Tuesday, January 1, 2008

Camels and My Organizational Intelligence

Can an organization, such as a business or a church, be intelligent? This is a very different question than whether an organization can be conscious. I think that an organization can be intelligent, but I don't think it can be conscious. Intelligence means solving problems, and we don't really care how the solving gets done internally, as long as it produces results.
Here's a more specific version of the question: can a group of people be more intelligent than the smartest person in the group? When I was in high school, we participated in an online academic trivia contest. The questions were answered by the whole crowd of participants. We weren't very organized, but in principle the person best at solving math problems could handle the math, the best at language puzzles could take those, and so forth. Perhaps with a more clever organization, we could have done better. But there may be some problems that can't be broken into smaller chunks that individual experts are better at solving.
What got me thinking about this again (see the post on the Chinese Room for another take on it) was this essay: Maybe MBAs Should Design Computers After All (scroll a bit to find it) comparing a computer to a badly organized company. The analogy isn't perfect, since in a company the individual parts already have intelligence, though they may not get to use much of it in their jobs.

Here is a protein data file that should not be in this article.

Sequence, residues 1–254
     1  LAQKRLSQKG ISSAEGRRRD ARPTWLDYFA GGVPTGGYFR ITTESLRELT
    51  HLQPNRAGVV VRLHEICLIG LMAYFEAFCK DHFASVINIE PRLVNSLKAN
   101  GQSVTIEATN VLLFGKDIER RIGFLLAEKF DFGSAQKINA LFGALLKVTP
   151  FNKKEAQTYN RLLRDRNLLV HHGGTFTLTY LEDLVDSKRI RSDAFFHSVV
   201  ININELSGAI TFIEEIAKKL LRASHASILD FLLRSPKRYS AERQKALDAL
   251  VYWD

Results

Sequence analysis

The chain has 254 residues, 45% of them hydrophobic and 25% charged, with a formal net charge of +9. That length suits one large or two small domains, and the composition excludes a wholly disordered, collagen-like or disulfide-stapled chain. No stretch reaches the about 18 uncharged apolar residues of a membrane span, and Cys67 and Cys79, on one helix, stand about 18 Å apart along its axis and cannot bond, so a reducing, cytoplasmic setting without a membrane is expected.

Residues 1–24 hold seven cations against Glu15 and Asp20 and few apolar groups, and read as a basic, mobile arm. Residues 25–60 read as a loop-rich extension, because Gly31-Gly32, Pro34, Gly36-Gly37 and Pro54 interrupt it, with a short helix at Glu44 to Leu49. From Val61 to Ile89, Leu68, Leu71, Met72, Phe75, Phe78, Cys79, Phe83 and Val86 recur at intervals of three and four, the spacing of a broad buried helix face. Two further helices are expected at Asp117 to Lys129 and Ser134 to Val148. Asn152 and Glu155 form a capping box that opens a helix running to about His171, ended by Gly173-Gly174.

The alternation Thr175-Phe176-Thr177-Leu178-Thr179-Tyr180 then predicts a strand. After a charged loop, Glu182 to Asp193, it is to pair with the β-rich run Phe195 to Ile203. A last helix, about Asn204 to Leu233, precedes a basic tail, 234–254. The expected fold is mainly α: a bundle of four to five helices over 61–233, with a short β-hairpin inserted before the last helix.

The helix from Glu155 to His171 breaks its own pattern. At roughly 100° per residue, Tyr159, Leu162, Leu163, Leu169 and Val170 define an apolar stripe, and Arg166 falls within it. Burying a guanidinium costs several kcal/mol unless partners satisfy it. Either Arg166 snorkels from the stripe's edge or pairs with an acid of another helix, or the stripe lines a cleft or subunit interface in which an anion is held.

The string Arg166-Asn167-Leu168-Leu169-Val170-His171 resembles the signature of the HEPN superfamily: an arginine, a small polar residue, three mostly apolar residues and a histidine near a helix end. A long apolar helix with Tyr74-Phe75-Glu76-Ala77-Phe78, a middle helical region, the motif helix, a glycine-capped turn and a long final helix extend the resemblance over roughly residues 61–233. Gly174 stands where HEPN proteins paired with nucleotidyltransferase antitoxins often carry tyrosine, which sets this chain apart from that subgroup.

I think it would be fascinating to have a conversation by mail with a large group of fairly smart people pretending to be one super-intelligent person. I doubt they could pull it off, though. Could a large group of fiction authors working together write a book that is more powerful, better plotted, with more brilliant language and more engaging characters than any one of them could have written alone? (see Collaborative Fiction for experiments along these lines.) We could get Neil Gaiman to write the scary bits, Terry Pratchett to write the funny bits, Neal Stephenson to write the fascinating bits, Umberto Eco to write the philosophical bits...
Part of the problem is the lack of bandwidth between individuals. It's so difficult to express even a simple idea from one person to another, so easy to express it from one part of the brain to another. Part of the problem is that no one knows how intelligence works yet.

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